Stock Markets Analysis & Opinion

The Art of Contrarian Investing

From a contrarian investing view, everyone remains bearish despite a market that corrected all of last year. I polled my Twitter followers recently to take their pulse on the market.

Lance Roberts Tweet

Of the 1280 votes cast in the poll, roughly 73% of respondents anticipate the market to be lower throughout 2023. That view also corresponds with our sentiment gauge of professional and retail investor sentiment, which, while improved from the October lows, remains depressed.

Net Bullish Sentiment vs S&P 500

More importantly, investor allocations, particularly among professional investors, remain extremely light, suggesting a much higher level of caution. The following is the 4-week moving average of the National Association of Investment Managers bullish index. While the reading of 25.04 in October coincided with the market low, the current reading of 48.16 remains bearish.

NAAIM 4-week Avg vs S&P 500 Index

As Bob Farrell’s Rule Number 9 states:

As a contrarian investor, excesses are built by everyone betting on the same side of the trade. When the market peaked in January 2022, everyone was exceedingly bullish, and no one was looking for a 20% decline. Sam Stovall, the investment strategist for Standard & Poor’s, once stated:

Today, everyone remains bearish, suggesting the possibility of the market doing something no one expects.

The Art of Contrarianism

As we have often discussed, one of the investors’ most significant challenges is going  the prevailing market  However, historically speaking, contrarian investing often proves to provide an advantage. One of the most famous contrarian investors is Howard Marks, who once stated:

As noted, a majority of investors remain bearish. There are certainly ample reasons to BE bearish:

We certainly agree with the more dismal outlook and continue to suggest that investors should be more cautious in their portfolio allocations. However, this is also the point where investors make the most mistakes. Emotions make them want to avoid the risk of loss.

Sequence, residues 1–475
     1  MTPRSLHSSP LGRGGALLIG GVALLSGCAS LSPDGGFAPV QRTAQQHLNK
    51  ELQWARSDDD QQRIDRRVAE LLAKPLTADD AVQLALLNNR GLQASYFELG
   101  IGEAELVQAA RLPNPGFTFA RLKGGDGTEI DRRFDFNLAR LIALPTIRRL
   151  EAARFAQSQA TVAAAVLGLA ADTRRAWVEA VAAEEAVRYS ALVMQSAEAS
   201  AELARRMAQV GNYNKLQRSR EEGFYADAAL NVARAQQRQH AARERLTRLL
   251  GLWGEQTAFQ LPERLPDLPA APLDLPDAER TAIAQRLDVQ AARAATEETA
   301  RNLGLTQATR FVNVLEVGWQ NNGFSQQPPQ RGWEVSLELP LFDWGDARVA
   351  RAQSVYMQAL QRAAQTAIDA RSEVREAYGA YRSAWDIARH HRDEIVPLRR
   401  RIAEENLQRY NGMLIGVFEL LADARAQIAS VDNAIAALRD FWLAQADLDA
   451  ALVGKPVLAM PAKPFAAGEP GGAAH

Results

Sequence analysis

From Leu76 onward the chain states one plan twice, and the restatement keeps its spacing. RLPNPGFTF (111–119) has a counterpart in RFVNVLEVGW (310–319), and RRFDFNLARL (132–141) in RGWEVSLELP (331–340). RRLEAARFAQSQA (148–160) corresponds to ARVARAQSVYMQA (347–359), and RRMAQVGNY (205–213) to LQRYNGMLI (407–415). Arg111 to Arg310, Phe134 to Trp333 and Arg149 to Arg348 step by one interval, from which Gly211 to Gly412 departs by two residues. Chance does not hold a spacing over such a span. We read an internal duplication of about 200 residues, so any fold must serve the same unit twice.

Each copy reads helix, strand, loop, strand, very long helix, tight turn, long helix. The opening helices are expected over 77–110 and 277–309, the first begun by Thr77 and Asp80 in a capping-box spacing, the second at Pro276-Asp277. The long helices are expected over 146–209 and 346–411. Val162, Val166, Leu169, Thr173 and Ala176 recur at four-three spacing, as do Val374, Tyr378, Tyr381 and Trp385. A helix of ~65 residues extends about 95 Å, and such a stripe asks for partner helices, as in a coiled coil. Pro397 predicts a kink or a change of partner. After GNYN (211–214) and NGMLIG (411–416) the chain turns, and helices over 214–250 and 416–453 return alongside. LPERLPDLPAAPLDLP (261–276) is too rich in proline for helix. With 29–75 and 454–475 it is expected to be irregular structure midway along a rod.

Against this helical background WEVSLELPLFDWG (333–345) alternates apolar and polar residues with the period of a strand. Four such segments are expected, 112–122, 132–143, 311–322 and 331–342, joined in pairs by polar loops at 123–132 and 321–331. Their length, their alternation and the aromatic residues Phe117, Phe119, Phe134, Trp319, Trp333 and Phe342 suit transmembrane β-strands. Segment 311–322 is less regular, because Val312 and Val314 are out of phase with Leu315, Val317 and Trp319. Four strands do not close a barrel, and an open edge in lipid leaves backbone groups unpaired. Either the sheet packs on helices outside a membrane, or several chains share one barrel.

Given that many investors have never witnessed a  the current bearing sentiment is unsurprising. The increased price volatility, and subsequent decline in prices, created a substantially higher level of instability. That instability creates “fear” and drives investors to the behavioral bias of

Periods of Low and High Volatility

That increased volatility weighs on investor sentiment leading to poor investment decision-making and, ultimately, poor outcomes.

However, if the most fundamental premise of investing is to investors may again be missing the contrarian opportunity.

With the market negatively positioned, the contrarian trade is an expectation of the unexpected.

The fundamentally bearish arguments of valuations, earnings, a Fed policy mistake, and a recession are certainly viable outcomes.

However, given that is already expecting those outcomes, what happens if something else occurs?

Navigating a Contrarian Trade

As Bob Farrell’s Rule Number-9 states:

As a contrarian investor, excesses get built when everyone is on the same side of the trade. 

Everyone is so bearish the markets could respond in a manner no one expects.

There are plenty of reasons to be very concerned about the market over the next few months. Given the market leads the economy, we must respect the market’s action today for potentially what it is telling us about tomorrow. Therefore, there are some actions we can take to navigate for whatever path the market chooses.

Just remember:

an investor has to be a “

Follow your process.

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